Our Moral Obligation to Others
The world is filled with all kinds of people. Some are more cynical than others. Some loved to be surrounded by other people, others like to keep to themselves. A rare few are completely selfish, but most, including myself, find both value and pleasure in helping out others, at least from time to time.
There’s science behind this: humans are by nature social animals. We have evolved in such a way that we are designed to help each other for the best chances of all of our survival. We feel empathy and concern for others, and that translates into action to help where we can; when we fail to do so, our brains punish us in the form of guilt.
But even more than that, assisting those who cannot survive on their own is, in my opinion, a hallmark of civilized society. We have both the empathy to recognize distress in others and the capability to alleviate that distress; if we do not make moves to help our fellow man, how are we any better than animals? A society totally devoid of moral obligation is a lawless one, and in turn, unsustainable.
Human Nature: Desire vs Empathy
The nature of humanity is one that is constantly at odds with itself. The reason we feel empathy and a desire to aid others is also why we act selfishly at other times: it all comes down to the DNA. When we feel first the desire to fulfill our own needs but then also the obligation to focus on the needs of others, where do we end up?
The key is to acknowledge that our sense of a moral obligation to others is all part of the same system of self-interest. Thanks to our genes, the drive to help other people is as much a need as eating or sleeping. The difference is simply what the act fulfills for us; while eating and sleeping fulfill physical needs, helping others fulfills an emotional one.
To alleviate the guilt of not doing so, we undertake selfless acts--and in doing so, act in our own self-interest. Doing good makes us feel good, and for a reason. Again, it all comes back to genes. Altruism is usually a selfish act, and not only is that okay, it’s a good thing!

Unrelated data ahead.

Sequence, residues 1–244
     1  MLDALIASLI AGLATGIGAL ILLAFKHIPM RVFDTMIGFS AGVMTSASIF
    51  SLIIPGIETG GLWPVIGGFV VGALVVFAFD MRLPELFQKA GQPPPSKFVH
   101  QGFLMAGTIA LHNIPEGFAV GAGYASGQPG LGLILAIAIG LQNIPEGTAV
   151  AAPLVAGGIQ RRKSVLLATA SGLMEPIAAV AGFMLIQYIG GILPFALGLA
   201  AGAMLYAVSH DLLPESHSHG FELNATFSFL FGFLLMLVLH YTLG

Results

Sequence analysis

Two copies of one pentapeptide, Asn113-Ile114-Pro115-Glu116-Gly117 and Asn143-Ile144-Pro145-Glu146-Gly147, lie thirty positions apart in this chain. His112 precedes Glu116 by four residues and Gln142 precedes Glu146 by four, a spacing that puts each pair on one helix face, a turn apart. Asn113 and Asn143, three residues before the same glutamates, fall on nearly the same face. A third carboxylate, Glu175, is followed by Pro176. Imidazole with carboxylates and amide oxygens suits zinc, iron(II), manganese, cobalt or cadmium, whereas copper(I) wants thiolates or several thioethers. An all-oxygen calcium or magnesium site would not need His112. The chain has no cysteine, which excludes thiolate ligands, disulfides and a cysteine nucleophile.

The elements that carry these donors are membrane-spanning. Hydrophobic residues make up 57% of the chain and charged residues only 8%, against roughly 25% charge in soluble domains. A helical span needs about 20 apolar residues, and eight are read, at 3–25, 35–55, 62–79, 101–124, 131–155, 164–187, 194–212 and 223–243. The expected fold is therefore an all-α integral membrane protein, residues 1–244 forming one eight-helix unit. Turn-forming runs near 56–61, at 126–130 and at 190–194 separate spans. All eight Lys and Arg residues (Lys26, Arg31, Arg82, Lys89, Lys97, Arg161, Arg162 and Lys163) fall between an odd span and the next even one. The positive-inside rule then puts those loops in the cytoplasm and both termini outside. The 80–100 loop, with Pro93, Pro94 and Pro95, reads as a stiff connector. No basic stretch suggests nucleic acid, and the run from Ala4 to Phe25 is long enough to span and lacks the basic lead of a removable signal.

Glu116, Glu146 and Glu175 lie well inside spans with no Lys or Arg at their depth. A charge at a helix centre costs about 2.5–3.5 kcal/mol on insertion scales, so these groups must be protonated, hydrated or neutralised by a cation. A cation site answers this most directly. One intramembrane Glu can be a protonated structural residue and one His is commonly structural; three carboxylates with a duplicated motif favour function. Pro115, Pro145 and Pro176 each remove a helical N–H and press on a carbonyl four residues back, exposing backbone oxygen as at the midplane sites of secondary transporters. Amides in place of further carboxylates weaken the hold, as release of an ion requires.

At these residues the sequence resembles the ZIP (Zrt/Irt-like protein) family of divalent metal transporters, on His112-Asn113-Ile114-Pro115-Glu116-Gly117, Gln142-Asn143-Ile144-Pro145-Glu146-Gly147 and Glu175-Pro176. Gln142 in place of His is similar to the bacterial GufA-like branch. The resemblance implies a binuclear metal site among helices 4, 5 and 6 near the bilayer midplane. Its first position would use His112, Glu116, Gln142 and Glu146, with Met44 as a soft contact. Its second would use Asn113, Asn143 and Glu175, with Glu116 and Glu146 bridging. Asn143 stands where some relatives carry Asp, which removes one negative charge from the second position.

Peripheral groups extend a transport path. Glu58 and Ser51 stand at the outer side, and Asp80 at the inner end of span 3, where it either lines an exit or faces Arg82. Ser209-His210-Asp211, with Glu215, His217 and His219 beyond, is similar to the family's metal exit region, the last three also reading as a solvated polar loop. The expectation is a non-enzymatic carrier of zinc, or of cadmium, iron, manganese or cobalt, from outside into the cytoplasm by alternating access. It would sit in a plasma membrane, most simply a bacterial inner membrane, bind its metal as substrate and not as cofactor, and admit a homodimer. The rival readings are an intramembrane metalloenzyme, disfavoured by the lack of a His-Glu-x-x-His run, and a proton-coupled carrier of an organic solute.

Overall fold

We are built so that doing right by our fellow man improves things for everyone. The receiver of the gift, whether it be money, time, or something else, is literally richer for it. The donor is happier. Everybody wins.
How Far is Too Far?
Without realizing it, most people--even the most Scrooge-like amongst us--commit acts of moral obligation every day. It’s what keeps us from stealing clothes we like from a store, or from murdering our neighbors when we have a disagreement with them. Whereas other animals will fight to death over food or mates, we have the wherewithal to know that human life is more important than petty, momentary needs and desires.
Beyond the basics of simply not killing people just because we don’t like them, most people are also quite happy to help out friends and family--anyone with a close relationship. We lend friends money, celebrate Mothers’ and Fathers’ Day, and generally take care of our loved ones.
So what about everyone else?
Do we have a moral obligation to strangers? Is it our duty to help the sick, feed the poor, defend the weak? I think we do, and more than that, we must.
There are many houses of thought as to how far that moral obligation extends. Culture has a lot to do with it. A 2000 study, for example, found that participants in India were more likely to consider it a duty to donate bone marrow to a dying stranger than American participants, who saw it as beyond the scope of what should be expected of them.
An examination of different world governments is a great way to demonstrate the way values shift between cultures. According to the Declaration of Human Rights, every person has the right to food, shelter, and medicine. Keeping in line with that, many countries in Western Europe have socialized healthcare and robust welfare programs. In the United States, on the other hand, the idea of truly socialized healthcare is nigh unthinkable; in fact, anything related to socialism is thought of as anti-American, to make no mention of communism.